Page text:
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A First Person Response to the TIME Magazine Cover Story on Autism

by Robert A. Naseef, Ph.D.

Sometimes it seems like yesterday, since my only son and my oldest child, Tariq, was a seemingly normal happy toddler. At 18 months he was just beginning to speak and had a small but useful vocabulary. Then autism struck, and life has never been the same. When I found out my son had autism and that the condition would last for his lifetime, I can remember believing that I would never smile or laugh again.

When I first glanced at the cover of TIME featuring a boy with autism, I shuddered. The boy's hands and his far away look brought me back 20 years. That was my baby's hands at 2-and now at 22. A knot formed in the pit of my stomach. My head began to spin. Momentarily, I got short of breath. I decided to go on with my day and read it another time. Later, I read the article in its entirety, and I feel grateful to TIME for bringing the complex issues around the causes of autism, the exploding number of new cases, the impact on families, the status of research, and the need for intensive treatment to the fore.

As a psychologist, I help families deal with the often treacherous emotional landscape once autism strikes. It's been called the "autism bomb." People often spontaneously describe to me how the diagnosis of their child's autism was a bomb that exploded their hopes and dreams. The calendar of their lives was ripped off the wall and replaced by an uncertain future as they began intensive intervention to help their child, while they struggle to find hope and to regain their footing in life.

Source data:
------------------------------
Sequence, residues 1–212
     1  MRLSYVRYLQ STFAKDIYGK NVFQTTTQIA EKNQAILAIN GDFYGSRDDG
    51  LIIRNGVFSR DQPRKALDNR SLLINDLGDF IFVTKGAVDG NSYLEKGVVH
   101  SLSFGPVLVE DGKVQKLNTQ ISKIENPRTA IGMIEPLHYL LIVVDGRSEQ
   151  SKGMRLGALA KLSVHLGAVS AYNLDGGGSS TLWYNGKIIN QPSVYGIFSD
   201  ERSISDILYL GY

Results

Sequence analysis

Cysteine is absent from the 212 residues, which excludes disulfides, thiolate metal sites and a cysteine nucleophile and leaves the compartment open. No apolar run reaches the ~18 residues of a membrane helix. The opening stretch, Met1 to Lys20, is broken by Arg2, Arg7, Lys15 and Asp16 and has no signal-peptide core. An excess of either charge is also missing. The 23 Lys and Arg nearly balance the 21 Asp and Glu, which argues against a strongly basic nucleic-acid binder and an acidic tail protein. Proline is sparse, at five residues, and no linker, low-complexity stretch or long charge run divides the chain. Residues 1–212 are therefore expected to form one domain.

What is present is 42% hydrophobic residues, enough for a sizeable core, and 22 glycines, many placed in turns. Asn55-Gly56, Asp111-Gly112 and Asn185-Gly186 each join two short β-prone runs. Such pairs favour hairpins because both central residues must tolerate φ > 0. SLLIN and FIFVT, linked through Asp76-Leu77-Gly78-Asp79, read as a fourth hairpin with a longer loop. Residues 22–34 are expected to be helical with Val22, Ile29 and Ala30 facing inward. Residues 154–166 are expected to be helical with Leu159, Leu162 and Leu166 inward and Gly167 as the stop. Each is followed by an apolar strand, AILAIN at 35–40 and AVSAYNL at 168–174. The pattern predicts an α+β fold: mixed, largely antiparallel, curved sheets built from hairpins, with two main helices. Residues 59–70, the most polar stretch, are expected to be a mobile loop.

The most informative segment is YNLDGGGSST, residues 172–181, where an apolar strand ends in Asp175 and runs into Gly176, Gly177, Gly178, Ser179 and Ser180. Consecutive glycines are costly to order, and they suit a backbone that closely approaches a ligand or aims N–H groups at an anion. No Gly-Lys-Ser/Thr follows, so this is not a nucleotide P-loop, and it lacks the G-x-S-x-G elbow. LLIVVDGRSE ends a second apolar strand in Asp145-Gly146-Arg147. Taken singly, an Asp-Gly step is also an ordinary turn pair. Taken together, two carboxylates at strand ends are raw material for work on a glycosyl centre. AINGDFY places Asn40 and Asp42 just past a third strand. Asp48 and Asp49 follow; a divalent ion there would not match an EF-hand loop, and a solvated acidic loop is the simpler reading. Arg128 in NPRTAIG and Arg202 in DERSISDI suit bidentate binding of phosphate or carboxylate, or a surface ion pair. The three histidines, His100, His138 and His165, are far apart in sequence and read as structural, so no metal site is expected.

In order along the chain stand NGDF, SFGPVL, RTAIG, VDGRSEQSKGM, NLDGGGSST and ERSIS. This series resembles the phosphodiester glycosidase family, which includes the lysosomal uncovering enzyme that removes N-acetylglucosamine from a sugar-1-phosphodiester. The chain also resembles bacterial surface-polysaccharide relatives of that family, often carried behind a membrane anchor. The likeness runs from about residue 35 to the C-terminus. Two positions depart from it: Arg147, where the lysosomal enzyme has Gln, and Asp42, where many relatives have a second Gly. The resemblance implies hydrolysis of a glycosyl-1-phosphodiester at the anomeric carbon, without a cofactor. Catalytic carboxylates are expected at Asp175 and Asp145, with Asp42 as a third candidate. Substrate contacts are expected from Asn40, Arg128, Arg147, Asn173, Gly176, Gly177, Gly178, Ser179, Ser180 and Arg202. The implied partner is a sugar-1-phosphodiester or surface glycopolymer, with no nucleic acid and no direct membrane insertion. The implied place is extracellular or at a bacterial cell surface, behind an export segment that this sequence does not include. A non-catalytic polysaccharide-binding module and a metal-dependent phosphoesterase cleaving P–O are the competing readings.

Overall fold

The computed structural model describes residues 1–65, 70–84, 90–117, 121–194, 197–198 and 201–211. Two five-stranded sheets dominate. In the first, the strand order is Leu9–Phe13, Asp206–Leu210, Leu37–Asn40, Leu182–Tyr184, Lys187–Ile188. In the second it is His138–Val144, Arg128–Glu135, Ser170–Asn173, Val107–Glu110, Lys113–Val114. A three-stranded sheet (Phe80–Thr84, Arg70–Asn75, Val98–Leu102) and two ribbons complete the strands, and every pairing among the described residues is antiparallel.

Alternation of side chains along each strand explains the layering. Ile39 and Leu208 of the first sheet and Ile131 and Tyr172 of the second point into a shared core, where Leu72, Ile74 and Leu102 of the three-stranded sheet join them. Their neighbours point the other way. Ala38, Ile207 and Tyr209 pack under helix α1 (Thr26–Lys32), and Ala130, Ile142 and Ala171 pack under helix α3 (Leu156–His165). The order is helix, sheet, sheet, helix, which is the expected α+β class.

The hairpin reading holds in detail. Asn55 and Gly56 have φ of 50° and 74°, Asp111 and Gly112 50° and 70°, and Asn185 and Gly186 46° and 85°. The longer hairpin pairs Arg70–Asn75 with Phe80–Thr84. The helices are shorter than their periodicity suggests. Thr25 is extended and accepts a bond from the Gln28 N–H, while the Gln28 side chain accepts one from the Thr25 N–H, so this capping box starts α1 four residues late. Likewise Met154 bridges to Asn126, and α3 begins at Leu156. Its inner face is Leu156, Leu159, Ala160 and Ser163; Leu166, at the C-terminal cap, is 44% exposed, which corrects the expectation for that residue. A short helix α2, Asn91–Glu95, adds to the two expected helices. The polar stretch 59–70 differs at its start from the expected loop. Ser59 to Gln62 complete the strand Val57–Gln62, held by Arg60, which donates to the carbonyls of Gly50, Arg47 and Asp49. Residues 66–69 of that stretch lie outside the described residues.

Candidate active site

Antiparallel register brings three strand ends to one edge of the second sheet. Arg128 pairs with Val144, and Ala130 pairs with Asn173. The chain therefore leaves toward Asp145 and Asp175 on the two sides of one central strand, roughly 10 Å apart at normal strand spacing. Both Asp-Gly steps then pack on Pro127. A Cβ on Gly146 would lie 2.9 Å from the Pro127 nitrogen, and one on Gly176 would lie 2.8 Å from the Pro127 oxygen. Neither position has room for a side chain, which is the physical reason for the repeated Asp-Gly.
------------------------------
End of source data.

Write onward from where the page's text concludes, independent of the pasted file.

• Just last week in my office, one mother sobbed as she told me that her 10 year old son with Asperger syndrome had told her, "I wish my imaginary friends were real and that I could play with them."

  • Another mother recounted how her life seems like "one long day." Her 8 year old son rarely sleeps through the night. His autism includes seizures which have been elusive to control despite excellent care at Children's Hospital of Philadelphia.

  • In a group of fathers I meet with regularly, one man reiterated how not a day goes by that he doesn't wish his son didn't have autism. Like me, he would read TIME later. He had read enough about autism for right now. Another man who had two boys with autism wept as he recalled when his oldest son had stopped talking.

  • A mother I have known for several years told her support group, "I wish the autism was a thing, and then I could drag it out of him and beat it to death. But it is a part of him and I love him." The group concurred virtually in unison.
No longer is it hard to find people who have been touched by autism. I couldn't help but notice that two of the first person accounts came from the TIME family-arts reporter and parent, Amy Lennard Goehner, and Karl Taro Greenfeld, sibling and editor of TIME ASIA. Everyone in the family unit is deeply affected. As Greenfeld's father, Josh, wrote so poignantly in A Child Called Noah in 1970, "There is a strain on any marriage whenever a baby is sick. And we always have a sick baby."